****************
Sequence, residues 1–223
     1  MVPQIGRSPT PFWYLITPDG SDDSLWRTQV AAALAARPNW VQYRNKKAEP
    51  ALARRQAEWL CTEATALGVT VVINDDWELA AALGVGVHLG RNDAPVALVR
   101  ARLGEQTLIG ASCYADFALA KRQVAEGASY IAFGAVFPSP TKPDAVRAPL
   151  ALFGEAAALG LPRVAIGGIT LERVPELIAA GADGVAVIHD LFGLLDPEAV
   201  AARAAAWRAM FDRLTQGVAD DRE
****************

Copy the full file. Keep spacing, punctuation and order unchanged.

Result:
Sequence, residues 1–223
     1  MVPQIGRSPT PFWYLITPDG SDDSLWRTQV AAALAARPNW VQYRNKKAEP
    51  ALARRQAEWL CTEATALGVT VVINDDWELA AALGVGVHLG RNDAPVALVR
   101  ARLGEQTLIG ASCYADFALA KRQVAEGASY IAFGAVFPSP TKPDAVRAPL
   151  ALFGEAAALG LPRVAIGGIT LERVPELIAA GADGVAVIHD LFGLLDPEAV
   201  AARAAAWRAM FDRLTQGVAD DRE